Reserve Bank of India (RBI) governor D. Subbarao will on Tuesday announce the second-quarter review of monetary policy for fiscal 2010. In the past one year, he has cut the policy rate sharply—from 9% to 3.25%—and infused liquidity by cutting the cash reserve ratio, or the portion of deposits banks have to keep with the RBI, from 9% to 5%.
Also See Policy rates, credit, deposit and investment growth (Graphics)
This time around he faces a dilemma—he knows that the expansionary monetary policy should end but is not sure about the timing. While economic growth has started showing signs of recovery with some robust industrial production data in the past few months, economists doubt the sustainability of the growth itself.
At the same time, they also hold the view that inflation is on the rise and there is a high probability that inflation could breach the RBI’s own estimate of 5% by March-end.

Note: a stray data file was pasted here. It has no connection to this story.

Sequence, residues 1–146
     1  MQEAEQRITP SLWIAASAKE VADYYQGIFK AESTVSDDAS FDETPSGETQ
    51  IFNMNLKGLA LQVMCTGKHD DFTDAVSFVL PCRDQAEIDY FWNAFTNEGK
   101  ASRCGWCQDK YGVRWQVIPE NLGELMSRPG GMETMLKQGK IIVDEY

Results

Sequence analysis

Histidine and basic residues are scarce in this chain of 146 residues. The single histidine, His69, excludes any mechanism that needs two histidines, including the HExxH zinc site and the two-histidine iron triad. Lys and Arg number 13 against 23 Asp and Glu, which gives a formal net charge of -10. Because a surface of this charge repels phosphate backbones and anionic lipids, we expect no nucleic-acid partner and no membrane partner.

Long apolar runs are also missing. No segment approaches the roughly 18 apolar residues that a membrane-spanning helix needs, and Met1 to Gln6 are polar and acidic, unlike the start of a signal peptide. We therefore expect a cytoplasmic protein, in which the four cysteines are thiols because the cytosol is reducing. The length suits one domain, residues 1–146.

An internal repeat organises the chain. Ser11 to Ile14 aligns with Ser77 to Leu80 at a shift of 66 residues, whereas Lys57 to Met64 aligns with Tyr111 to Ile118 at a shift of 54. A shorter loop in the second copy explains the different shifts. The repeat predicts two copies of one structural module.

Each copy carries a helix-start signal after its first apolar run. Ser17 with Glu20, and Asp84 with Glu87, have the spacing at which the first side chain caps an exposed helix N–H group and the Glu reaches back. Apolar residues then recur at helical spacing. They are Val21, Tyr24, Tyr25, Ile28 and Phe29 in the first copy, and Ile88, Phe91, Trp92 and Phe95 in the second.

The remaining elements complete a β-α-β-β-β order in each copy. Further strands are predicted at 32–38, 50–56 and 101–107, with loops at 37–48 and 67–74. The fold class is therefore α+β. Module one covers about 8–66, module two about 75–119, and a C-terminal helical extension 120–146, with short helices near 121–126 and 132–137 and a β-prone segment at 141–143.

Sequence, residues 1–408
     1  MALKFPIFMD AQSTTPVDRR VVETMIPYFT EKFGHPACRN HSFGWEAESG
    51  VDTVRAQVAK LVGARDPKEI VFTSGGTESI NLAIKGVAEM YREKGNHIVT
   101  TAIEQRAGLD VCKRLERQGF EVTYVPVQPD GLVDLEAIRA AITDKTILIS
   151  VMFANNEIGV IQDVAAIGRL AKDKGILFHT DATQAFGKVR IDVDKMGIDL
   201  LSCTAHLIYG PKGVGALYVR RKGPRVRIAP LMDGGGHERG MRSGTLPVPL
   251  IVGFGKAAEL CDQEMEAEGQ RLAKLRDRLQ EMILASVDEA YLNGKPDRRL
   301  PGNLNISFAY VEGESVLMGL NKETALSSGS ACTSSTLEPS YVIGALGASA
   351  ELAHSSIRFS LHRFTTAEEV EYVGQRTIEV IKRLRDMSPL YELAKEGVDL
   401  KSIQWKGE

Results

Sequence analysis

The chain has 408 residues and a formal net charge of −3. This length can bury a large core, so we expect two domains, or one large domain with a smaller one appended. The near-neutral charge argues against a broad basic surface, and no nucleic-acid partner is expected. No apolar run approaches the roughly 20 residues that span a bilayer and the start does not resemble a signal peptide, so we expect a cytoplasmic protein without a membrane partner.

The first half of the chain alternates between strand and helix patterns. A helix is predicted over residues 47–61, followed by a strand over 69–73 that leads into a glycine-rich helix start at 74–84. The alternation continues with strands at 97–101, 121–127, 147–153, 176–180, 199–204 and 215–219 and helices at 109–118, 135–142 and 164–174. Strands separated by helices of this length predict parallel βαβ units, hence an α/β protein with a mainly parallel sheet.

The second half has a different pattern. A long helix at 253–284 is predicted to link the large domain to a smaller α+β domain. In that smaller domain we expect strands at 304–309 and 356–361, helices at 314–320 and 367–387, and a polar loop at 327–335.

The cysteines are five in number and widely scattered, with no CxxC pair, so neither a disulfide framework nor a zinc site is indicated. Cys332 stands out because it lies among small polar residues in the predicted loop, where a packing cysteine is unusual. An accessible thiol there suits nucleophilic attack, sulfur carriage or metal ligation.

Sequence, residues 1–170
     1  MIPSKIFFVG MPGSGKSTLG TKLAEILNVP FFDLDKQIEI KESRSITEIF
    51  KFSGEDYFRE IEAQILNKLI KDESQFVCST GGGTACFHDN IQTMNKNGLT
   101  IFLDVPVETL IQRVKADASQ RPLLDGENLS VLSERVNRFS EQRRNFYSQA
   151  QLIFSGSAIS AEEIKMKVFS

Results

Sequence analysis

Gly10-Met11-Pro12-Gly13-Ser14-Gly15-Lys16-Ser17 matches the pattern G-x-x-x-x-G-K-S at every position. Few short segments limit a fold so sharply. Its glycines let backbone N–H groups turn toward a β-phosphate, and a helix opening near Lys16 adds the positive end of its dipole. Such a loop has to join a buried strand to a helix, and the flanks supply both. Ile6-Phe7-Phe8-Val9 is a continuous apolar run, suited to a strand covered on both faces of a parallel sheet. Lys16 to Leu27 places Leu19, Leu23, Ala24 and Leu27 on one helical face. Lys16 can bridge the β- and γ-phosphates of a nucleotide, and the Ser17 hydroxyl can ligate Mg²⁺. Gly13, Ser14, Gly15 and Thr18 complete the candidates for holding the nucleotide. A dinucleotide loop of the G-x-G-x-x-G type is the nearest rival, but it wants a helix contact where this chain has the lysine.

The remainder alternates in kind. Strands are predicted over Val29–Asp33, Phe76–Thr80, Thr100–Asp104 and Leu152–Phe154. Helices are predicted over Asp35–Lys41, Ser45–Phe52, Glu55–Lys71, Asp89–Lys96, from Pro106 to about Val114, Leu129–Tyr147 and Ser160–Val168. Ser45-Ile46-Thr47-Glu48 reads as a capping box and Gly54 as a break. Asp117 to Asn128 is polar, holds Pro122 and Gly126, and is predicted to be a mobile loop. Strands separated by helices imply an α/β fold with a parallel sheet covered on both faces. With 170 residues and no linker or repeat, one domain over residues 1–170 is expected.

A rate hike at this point will make money dearer and dampen inflationary expectations, but it will come at the cost of hampering growth. This policy will be keenly observed by market participants as well as central banking authorities worldwide, as India’s policy steps, surely, will have repercussions in an interlinked world.
The following set of data offer a peek into the state of affairs in the Indian economy and outline the fiscal and monetary compulsions of the authorities.
Compiled by Ashwin Ramarathinam
Graphics by Ahmed Raza Khan/Mint